Hospital food’s fresh makeover
The days of bland chicken, reconstituted potatoes, frozen peas and a side of syrupy, canned peaches appear to be coming to a close at a growing number of hospitals across the U.S.
Spurred by patient demand, concerns about setting a healthful example and a desire to make notoriously bad hospital food nutritious and appetizing, more hospitals are making strides in serving their patients fresh, organic and local produce alongside meats and dairy foods that are hormone- and antibiotic-free, as well as minimally processed.
Some hospitals have taken small steps -- eliminating trans fats from their menus or switching to dairy products free of the growth hormone rBGH. Others have taken on bigger overhauls: The chef at Dominican Hospital in Santa Cruz cooks with produce from the hospital’s on-site vegetable garden; Chicago’s Swedish Covenant Hospital is gradually moving toward meals that are entirely organic.
Hospitals are implementing the changes largely in response to consumer trends, says Joyce Hagen-Flint, director of food and nutrition services at Regional Medical Center Bayonet Point in Hudson, Fla.
“In the general population, people are becoming more conscious of what’s in the food on their plate, where it came from and its overall impact from a financial, health and economic perspective,” says Hagen-Flint, who is also on the board of directors of the Assn. of Healthcare Food Services.
But some of the changes are also prompted by a realization that hospitals can be a model of healthful eating, says Jamie Harvie, food coordinator for the Arlington, Va.-based advocacy group Health Care Without Harm. Some hospitals are eschewing antibiotic-treated meats over concerns that antibiotics given to livestock generate drug-resistant bacteria. Others are eliminating deep-fried foods and foods containing trans fats, which have been linked to heart disease.
At St. Luke’s Hospital in Duluth, Minn., patients are now served locally raised bison, and at Good Shepherd Hospital in Hermiston, Ore., they’re being offered grass-fed beef -- in part because both options are lower in overall fat than standard, grain-fed beef.
Those two hospitals are among nearly 250 nationwide that have signed a pledge, promoted by Health Care Without Harm, to serve more fresh fruits and vegetables, forgo heavily processed foods and trans fats, and provide patients hormone-free milk and organic produce when possible. In a 2008 survey of hospitals that have taken the pledge, 72% said they were buying local produce, 81% had switched to rBGH-free milk, and 44% were switching to antibiotic- and hormone-free meats.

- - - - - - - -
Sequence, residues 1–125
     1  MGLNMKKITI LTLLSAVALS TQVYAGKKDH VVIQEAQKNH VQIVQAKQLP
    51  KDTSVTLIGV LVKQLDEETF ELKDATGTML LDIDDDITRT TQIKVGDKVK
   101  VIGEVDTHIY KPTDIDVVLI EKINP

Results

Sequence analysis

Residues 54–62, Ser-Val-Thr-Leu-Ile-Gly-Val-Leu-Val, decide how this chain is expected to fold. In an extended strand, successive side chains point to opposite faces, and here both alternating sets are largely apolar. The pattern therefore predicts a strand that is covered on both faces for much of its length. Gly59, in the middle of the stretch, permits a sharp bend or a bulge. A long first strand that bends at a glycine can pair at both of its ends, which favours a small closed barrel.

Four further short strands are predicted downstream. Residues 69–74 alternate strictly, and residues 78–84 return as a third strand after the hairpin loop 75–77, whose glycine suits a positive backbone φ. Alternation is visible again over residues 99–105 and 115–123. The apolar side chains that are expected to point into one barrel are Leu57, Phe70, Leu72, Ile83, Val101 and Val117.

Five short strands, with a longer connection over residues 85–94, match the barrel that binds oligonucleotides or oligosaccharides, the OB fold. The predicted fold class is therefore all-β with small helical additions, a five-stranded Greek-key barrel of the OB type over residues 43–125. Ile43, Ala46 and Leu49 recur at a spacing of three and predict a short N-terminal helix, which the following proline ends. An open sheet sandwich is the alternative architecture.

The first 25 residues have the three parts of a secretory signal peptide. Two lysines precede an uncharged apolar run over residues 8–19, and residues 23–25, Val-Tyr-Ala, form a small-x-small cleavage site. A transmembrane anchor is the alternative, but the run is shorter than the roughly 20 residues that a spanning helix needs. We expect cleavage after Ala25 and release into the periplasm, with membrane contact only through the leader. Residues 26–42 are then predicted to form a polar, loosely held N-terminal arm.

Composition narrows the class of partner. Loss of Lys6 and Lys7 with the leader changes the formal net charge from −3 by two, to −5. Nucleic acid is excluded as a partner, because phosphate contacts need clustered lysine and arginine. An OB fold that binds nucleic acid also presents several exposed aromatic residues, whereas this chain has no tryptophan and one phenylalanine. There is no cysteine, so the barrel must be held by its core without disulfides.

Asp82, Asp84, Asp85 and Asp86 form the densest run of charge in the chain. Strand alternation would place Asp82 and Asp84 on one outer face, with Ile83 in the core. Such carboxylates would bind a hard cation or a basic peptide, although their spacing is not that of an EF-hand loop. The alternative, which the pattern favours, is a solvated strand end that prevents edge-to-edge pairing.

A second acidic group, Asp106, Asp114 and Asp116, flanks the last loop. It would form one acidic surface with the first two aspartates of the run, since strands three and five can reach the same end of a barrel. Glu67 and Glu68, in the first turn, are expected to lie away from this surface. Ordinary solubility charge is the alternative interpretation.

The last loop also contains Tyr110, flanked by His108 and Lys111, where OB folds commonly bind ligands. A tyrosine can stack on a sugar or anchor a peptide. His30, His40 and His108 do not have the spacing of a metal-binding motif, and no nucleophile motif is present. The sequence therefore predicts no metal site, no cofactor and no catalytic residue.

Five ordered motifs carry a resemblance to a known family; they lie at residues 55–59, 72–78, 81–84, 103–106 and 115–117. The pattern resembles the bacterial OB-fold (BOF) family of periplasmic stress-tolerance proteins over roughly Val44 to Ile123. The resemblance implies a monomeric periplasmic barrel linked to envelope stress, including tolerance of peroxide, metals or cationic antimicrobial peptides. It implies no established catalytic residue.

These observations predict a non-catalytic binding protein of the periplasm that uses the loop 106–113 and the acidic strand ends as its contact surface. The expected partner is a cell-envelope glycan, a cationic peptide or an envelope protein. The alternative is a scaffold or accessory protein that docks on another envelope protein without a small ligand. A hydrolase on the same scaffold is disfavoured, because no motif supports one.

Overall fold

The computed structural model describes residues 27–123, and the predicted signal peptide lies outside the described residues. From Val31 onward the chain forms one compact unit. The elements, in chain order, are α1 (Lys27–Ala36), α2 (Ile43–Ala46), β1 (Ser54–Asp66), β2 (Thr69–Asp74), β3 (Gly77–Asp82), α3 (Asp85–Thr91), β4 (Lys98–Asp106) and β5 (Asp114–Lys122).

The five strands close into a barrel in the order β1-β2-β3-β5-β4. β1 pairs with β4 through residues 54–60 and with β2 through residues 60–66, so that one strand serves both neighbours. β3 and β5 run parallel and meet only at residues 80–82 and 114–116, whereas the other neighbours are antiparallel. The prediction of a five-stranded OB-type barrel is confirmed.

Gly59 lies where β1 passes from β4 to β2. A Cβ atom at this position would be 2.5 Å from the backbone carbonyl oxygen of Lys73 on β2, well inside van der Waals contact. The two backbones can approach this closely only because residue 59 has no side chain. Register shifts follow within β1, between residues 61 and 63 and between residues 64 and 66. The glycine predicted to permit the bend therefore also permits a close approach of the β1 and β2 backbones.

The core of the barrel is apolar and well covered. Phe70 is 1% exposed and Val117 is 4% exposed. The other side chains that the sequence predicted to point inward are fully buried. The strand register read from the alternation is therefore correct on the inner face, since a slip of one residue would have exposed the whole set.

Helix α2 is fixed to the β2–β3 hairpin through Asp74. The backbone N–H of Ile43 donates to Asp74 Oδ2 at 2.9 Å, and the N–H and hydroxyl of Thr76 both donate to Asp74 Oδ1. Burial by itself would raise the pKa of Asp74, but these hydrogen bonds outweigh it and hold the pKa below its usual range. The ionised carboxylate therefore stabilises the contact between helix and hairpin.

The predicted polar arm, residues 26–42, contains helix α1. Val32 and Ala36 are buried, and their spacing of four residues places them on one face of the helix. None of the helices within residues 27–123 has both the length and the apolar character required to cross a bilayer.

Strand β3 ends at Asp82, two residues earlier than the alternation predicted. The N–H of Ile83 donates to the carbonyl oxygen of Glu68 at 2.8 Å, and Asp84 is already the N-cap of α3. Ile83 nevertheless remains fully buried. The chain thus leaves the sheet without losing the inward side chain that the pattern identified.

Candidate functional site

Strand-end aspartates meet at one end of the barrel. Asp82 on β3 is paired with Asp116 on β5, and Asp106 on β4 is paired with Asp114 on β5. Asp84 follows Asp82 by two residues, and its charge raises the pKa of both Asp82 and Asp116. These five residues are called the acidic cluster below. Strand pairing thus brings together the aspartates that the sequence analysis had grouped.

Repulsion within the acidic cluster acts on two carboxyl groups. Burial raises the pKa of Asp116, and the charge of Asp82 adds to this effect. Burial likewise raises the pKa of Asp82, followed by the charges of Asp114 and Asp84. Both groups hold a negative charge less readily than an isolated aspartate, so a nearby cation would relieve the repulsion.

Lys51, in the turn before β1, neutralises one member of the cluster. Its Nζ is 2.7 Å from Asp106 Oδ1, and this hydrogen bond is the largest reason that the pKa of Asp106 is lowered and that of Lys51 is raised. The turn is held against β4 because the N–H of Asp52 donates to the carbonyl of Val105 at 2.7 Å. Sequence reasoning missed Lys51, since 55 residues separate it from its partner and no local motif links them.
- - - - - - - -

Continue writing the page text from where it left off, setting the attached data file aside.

Of course, these hospitals constitute a minority among the more than 7,500 in the U.S. But at national healthcare food industry meetings, more hospitals are expressing interest in following the trend, Hagen-Flint says.
A major barrier, however, is cost, she says: “Hospitals are interested, but they’re not sure they can afford to do it.”
Some cost-conscious hospitals are looking to Kaiser Permanente of Northern California as a model. It started hosting in-hospital farmers markets in 2003, and in 2006 began partnering with small, local farms to provide patients with organic strawberries in late spring, fresh cherry tomatoes in summer, and other produce items as they came into season.
To offset the sometimes pricier items, Kaiser is attempting to cut food production costs elsewhere, says Jan Sanders, Kaiser’s director of national nutrition services. “Years ago, there would have been a dessert on every tray. Now patients get fresh, seasonal fruit” -- and dessert only if requested, Sanders says.
That may sound like a step toward more healthful hospital fare, but the direct health benefit of serving patients fresh, local foods is limited, says Dr. Preston Maring, associate physician in chief for Kaiser Permanente East Bay Medical Center in Oakland.
“The meals eaten during a three- to five-day hospital stay won’t change patients’ health, because it’s not a long-term dietary change,” Maring says. “But it is a consistent and visible reminder to everyone that what we eat is important for good health.”
Fresh, whole foods also help create what Maring (who started Kaiser’s first farmers market) refers to as a healing environment. “A perfectly ripe peach can be a great comfort for someone just coming out of surgery,” he says.
Hospitals, of course, need to provide variety, if only to meet the needs of patients with diverse dietary restrictions and limitations. As a result, no matter how many hospitals buy vegetables or beef from local farmers, hospital food “can’t ever be 100% fresh and local,” Sanders says.
Nonetheless, the trend toward fresher and even more local and organic hospital food will likely continue -- if only because of patient demand.
“There’s tremendous competition in healthcare,” Harvie says. “It’s a powerful driver for change.”